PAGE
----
Bryan Museum on Galveston Island, Texas

While camping on Galveston Island we found this museum about Texas history set in what was originally an orphanage.  Key facts for why we stopped: it’s air conditioned and after driving across Texas I have a new respect for why people who are culturally invested here say “Don’t mess with Texas”.
The Bryan Museum was originally an orphanage, then shortly was a private residence for a succession of couples then the Bryan Museum. The original orphanage was destroyed by the 1900 hurricane that hit Galveston.
Parking here
Next to the glass pavilion used for weddins, this beautiful mother and child statue. I don’t know if it was originally here when an orphanage.
This beautiful museum is affordable, and again may I say, air conditioned. The building is full of finely preserved woodwork and architecturally interesting. There are several rooms featuring Texas history, art of Texas, Texas birds, the establishment of San Felipe of Austin colony and the battles surrounding its establishment and the history of the orphanage.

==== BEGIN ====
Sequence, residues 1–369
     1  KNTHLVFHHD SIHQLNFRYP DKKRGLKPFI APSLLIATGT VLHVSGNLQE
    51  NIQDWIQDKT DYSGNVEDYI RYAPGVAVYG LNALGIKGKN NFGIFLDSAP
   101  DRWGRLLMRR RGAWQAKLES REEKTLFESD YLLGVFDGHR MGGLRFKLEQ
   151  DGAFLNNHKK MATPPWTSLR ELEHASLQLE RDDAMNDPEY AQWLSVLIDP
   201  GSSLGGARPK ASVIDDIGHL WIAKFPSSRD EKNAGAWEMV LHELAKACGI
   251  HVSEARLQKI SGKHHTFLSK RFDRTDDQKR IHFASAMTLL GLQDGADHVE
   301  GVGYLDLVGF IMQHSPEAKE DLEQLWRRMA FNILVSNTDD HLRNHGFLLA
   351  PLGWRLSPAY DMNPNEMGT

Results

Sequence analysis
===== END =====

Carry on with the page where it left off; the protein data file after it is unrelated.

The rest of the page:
First, the love of horse culture: I loved the parade saddles. So much silver, and you can feel the pride that must have been felt by horse and rider with so much style.
Silver and leather.
This revolver/violin music box played Dixie for us as we walked by. If you are a Yank, take heed, it may be the last song you hear. See below.
The Bryan Museum had several prominent women cowgirls and artists featured, one was Vivian White. Below her, you can see a saddle ring given to a bride as a wedding ring.
Saddle Wedding Ring
Socios (partners) by Lea
We have a love for Frieda Kahlo in our house. Diego Rivera and Frieda influenced so many.
I loved this painting but didn’t note the artist.
There was a room dedicated to the contracts used to determine the fate of Texas and the battles of the Texas Revolution. Here, the Mexican Army fight Texas Colonists. The San Felipe de Austin colonists burned their town down rather than let the Mexicans take it. I didn’t understand the overlap of Spanish Catholic influence of this area all the way into New Mexico until this museum.

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